Rochester, Minnesota


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Millie Suk
Millie Suk
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Summer Safety – Part 3: Swimming

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On a hot summer day, there’s no better way to cool off than by taking a dip in a pool or spending the afternoon at a lake. But a day full of sunshine and splashing around can quickly turn tragic if you aren’t careful.

Each year approximately 6,000 people drown in the U.S. The second leading cause of accidental death among individuals aged 5 to 24 years of age is drowning. I don’t cite these sad statistics in an effort to deter you from enjoying the water; rather, I merely hope that you will remember some of these basic safety tips so that you and those around you can have a safer and more enjoyable time in the water.

Always swim with a partner. Whether you’re in a pool or open water, even the most skilled swimmers can grow tired or get a muscle cramp. If you can’t find someone to jump in the water with you, at least make sure that someone on shore or the pool deck knows you’re out there.

Know your limits. If you don’t know how to swim or are just learning, make sure you are in water that is shallow enough for you to touch the bottom. Consider a life jacket or other flotation device. If you are in open water, remember when swimming out that you have to get back!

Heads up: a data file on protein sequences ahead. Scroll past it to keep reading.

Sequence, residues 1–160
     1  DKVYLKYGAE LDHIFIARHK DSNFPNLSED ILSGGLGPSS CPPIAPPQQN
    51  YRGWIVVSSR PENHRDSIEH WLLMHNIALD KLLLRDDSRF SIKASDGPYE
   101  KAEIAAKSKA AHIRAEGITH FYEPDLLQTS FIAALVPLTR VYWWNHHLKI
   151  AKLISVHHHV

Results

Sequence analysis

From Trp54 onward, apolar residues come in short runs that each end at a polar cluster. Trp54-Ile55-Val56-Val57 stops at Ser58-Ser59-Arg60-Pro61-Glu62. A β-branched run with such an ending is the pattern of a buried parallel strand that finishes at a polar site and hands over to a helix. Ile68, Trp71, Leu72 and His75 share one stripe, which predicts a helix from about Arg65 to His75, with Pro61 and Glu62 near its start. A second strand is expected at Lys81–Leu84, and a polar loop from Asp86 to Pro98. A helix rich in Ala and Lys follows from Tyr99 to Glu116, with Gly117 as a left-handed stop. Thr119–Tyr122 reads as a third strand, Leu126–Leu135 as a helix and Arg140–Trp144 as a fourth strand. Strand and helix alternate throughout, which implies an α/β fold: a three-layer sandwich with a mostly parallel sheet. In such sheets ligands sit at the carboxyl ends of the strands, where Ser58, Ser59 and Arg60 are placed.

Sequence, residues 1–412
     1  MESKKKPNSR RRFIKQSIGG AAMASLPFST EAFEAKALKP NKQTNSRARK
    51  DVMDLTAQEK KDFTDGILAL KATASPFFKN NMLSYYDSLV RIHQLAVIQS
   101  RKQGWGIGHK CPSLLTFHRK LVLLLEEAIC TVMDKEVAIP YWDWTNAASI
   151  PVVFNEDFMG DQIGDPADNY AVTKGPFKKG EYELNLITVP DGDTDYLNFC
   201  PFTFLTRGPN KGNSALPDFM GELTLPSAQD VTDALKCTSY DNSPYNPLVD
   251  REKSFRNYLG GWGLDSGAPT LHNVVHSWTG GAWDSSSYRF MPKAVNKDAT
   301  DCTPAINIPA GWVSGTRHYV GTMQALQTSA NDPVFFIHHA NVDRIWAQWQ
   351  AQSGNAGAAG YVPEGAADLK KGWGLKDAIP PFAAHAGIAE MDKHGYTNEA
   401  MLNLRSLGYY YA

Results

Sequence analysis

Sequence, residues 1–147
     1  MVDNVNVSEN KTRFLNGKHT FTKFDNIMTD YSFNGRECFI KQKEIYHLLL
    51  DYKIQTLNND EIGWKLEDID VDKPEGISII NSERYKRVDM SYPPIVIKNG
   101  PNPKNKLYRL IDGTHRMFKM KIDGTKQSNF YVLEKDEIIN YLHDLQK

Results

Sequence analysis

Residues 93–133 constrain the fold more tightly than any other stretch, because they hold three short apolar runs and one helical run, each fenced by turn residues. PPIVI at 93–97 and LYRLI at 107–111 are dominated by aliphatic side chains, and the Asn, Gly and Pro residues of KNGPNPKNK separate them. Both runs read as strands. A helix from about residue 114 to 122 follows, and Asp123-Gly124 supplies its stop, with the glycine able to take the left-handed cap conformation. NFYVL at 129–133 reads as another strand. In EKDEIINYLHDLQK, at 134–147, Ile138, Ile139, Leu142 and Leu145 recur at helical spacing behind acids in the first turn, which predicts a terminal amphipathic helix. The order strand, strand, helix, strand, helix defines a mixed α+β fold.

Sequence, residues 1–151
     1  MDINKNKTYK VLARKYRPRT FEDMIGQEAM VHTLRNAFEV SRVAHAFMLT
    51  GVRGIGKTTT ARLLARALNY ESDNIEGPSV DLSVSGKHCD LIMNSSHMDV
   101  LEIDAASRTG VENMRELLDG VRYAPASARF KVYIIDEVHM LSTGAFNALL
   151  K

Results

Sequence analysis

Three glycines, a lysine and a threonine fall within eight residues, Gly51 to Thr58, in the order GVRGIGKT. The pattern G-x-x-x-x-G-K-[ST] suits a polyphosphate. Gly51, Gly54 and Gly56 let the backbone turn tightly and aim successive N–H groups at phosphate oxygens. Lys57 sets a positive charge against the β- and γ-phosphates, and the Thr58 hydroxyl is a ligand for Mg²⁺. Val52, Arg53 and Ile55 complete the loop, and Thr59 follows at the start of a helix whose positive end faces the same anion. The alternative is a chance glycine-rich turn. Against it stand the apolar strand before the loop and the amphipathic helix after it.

Avoid alcohol. It impedes your judgment and your coordination. Alcohol is involved in approximately ½ of adolescent and adult deaths associated with water recreation.

Swim in designated areas. This is most important in rivers and lakes, as there are often boats and other watercrafts in the water. If you are outside of the designated area, boaters won’t be looking for you.

Never dive into unknown waters. If in a pool, pay attention to the signs indicating which areas are safe to dive in. The American Red Cross recommends a depth of at least 9 feet before diving or jumping in. If you are swimming in a lake or other open water, it is best to never dive head-first even if you think it’s deep enough – there may be a sandbar or other object that’s not readily apparent from the surface.

Know and obey colored beach flags. If there is a colored flag flapping in the wind at the beach and you don’t know what it means…ASK! The various colors are there to warn you of different dangers.

Wear sunscreen. And/or other protective clothing. Apply sunscreen 20-30 minutes before going out into the sun. Make sure it is water-proof. Reapply throughout the day.

For more tips, check out my previous posts on hiking and camping safety. As always, feel free to comment and add some of your basic swimming safety advice! Cool off in a nice body of water this summer and remember to swim safely!

Think about it.